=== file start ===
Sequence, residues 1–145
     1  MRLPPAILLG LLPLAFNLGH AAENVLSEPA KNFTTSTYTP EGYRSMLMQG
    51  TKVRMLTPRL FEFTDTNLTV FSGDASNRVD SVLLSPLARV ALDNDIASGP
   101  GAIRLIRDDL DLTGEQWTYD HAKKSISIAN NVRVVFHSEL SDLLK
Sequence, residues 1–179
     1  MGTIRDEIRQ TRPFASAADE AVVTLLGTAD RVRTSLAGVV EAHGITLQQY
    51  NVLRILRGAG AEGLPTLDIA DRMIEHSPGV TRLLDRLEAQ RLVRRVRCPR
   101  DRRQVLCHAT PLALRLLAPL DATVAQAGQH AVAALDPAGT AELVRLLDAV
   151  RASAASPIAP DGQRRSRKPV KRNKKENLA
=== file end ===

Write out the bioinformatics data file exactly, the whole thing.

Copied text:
Sequence, residues 1–145
     1  MRLPPAILLG LLPLAFNLGH AAENVLSEPA KNFTTSTYTP EGYRSMLMQG
    51  TKVRMLTPRL FEFTDTNLTV FSGDASNRVD SVLLSPLARV ALDNDIASGP
   101  GAIRLIRDDL DLTGEQWTYD HAKKSISIAN NVRVVFHSEL SDLLK
Sequence, residues 1–179
     1  MGTIRDEIRQ TRPFASAADE AVVTLLGTAD RVRTSLAGVV EAHGITLQQY
    51  NVLRILRGAG AEGLPTLDIA DRMIEHSPGV TRLLDRLEAQ RLVRRVRCPR
   101  DRRQVLCHAT PLALRLLAPL DATVAQAGQH AVAALDPAGT AELVRLLDAV
   151  RASAASPIAP DGQRRSRKPV KRNKKENLA